I'm not sure if I will be of much help, as I'm just pretty new to writing in general, but I write what I feel, and what needs to get out. I also had trouble adding subplots to my novel, but it's become easier after I got to know my world and my characters. I have a separate document with an "arc checklist" for every subplot that I'd like to include. As I write my story, I make it a goal to include the "arc points" in the general plot. Subplots is like a math formula to me. I plug certain "arc points" here and there to see if it fits. Sometimes, I'll have to change the "arc points" or look at them differently to get them to tell the story that I want to tell. I hope that makes sense! I try to not make subplots complicating. I think sprinkling a simple sentence/ dialogue/ action here (that reflects your character's dilemma) and there would be a good way to include and build up into a subplot. :)


toujours gai, archie
What if you set aside the concept of mental health issues entirely. You have a character who has depression, but depression manifests itself in many ways. Some of those leave a person debilitated, unable to leave the house, which doesn't work very well for spanning the world, so I'm guessing it isn't that. But what is it? That is, what specific challenges does this character face?

You don't say anything at all about the sister. What are her challenges?

IOW, maybe come at this from the point of view of the characters themselves rather than starting from a concept or category like "mental health issues."


^ Echoing some of the above comments, I think making mental health a integral part of the character personality, how they interact with others/themselves/the world, how they speak: to those they dont know or like and to those they are "comfortable" with.
Don't be so preoccupied with "pre-psychiatry" setting. You are allowed to design your world in ways that aid or hinder your story/plot.

Monologues could be tedious and maybe seeing the characters confront their triggers would have more of an impact on the ready.

I myself have been diagnosed with a MI about 8 years ago and also want some sort of mental illness subplot, or moreso as relatable elements of my project. Describe their anxiety when they have to go outside or talk to someone, when their asked about themselves. The two leaders have a sibling relationship so they should (or maybe not) know about what they deal with. They could have very unhealthy relationship with others but be close with eachother or vice versa. How do they deal with routine things? What is their mental hygiene like?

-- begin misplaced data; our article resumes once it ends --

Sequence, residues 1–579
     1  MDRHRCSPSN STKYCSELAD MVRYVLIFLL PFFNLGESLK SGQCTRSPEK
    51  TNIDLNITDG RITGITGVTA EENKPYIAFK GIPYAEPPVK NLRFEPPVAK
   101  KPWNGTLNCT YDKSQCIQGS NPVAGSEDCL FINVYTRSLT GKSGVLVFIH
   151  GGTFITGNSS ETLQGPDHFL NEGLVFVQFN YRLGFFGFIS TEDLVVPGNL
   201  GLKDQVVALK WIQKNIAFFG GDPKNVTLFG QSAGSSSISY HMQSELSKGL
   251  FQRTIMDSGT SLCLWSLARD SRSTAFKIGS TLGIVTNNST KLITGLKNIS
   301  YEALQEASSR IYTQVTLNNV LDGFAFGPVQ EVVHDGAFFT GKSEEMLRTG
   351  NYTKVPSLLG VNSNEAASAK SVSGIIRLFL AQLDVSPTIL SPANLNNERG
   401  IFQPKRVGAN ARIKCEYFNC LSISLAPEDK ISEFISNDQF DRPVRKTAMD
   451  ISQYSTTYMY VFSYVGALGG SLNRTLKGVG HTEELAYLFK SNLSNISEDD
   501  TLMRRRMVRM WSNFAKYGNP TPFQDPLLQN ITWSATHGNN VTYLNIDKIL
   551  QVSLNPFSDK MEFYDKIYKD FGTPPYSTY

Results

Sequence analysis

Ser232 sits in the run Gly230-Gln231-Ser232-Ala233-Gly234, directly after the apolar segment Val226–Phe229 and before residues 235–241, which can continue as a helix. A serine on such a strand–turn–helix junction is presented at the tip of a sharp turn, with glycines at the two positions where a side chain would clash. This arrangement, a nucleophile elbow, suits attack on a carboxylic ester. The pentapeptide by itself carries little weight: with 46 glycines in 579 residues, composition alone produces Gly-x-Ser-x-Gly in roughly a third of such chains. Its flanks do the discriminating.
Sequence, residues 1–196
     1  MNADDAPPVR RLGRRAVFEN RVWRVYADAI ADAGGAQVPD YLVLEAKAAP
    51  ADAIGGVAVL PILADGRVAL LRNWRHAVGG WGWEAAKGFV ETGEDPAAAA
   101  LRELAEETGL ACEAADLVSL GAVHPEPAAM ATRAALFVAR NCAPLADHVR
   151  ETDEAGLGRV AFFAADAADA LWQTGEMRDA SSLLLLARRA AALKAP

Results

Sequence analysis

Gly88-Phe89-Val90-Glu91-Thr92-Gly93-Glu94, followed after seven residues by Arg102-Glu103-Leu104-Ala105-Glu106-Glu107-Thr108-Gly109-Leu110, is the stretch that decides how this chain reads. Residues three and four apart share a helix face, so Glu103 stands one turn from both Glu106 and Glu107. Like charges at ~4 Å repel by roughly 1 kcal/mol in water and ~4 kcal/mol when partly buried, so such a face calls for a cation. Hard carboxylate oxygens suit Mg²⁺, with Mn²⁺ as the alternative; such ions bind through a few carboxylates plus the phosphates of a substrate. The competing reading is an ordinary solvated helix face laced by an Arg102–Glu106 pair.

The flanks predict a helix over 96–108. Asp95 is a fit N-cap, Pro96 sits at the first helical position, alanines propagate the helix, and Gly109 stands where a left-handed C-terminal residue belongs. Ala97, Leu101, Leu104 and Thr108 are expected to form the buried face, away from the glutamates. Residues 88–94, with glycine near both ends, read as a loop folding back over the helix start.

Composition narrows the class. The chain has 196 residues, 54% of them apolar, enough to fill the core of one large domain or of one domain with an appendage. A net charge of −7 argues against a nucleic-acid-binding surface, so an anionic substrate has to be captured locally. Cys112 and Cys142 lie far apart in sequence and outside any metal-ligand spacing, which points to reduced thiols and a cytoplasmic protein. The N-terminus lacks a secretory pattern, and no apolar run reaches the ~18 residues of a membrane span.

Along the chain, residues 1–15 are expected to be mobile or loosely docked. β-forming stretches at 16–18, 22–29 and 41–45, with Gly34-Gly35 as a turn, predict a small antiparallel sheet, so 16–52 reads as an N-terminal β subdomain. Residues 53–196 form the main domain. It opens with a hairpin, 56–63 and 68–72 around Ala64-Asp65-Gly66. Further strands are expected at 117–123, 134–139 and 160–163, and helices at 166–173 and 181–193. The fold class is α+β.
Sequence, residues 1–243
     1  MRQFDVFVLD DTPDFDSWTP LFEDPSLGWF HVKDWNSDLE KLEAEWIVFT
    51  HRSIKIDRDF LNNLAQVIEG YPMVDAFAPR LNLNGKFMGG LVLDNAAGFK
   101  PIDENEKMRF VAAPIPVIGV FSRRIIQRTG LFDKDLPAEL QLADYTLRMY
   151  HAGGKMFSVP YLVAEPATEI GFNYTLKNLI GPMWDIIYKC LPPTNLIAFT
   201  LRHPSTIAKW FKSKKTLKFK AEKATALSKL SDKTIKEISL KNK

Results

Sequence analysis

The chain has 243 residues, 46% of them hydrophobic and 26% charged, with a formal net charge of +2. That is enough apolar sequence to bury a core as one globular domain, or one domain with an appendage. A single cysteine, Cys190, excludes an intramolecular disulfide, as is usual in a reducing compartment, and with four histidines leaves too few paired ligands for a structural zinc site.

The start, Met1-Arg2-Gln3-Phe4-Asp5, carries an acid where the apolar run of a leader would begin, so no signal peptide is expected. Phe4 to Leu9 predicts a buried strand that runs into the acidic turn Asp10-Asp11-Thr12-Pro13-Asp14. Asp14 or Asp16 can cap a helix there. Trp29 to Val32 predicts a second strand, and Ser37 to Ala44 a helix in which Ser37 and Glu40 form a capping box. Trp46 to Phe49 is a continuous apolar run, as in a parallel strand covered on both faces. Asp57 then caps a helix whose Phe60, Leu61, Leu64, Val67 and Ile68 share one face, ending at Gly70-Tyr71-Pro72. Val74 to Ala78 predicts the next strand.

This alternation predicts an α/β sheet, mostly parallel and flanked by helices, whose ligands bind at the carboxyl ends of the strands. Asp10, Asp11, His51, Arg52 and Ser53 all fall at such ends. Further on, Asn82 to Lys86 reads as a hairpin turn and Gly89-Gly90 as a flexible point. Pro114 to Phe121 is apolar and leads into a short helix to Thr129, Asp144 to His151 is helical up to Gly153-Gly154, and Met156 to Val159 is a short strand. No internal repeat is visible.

Remember MI isn't new it was just labeled as something different. Many cultures have many practices related to MI under the ideas of possession or brain deterioration.


Article Team
I think the most straightforward way of tying things in is to make the characters struggle with the mental health issues as they try to achieve their goals. Sometimes they over come the mental obstacles. Other times, they fail miserably because of them.

Now your world may not be exactly aware of these things, but if you intend to address them, maybe have a generic name for this thing people go through after they've gone through trauma or in this state. For example in the World Wars, one thing they called PTSD was Shellshock. In Ancient Greece depression was called melancholia. People knew it was a thing, but they didn't have the same understanding of it as we do now.

Having your character struggle while others misinterpret their actions/intentions as maybe whiny/lazy/etc. could be a very powerful teaching tool if done right. People struggle with depression in plain sight, but not everyone can see it for what it is. It can be misinterpreted as something else, and that can make speaking up about it even harder on the person. If you can put your reader in the eyes of the struggling person and can convey their frustration of people just not understanding, that can go along way.

Still, depression doesn't feel exactly the same for everyone, so I'm afraid of having my MC's experiences mirror my own too closely, since it could make him a little less relatable to people who either haven't experienced depression/mental health issues at all or experience them much differently that I have.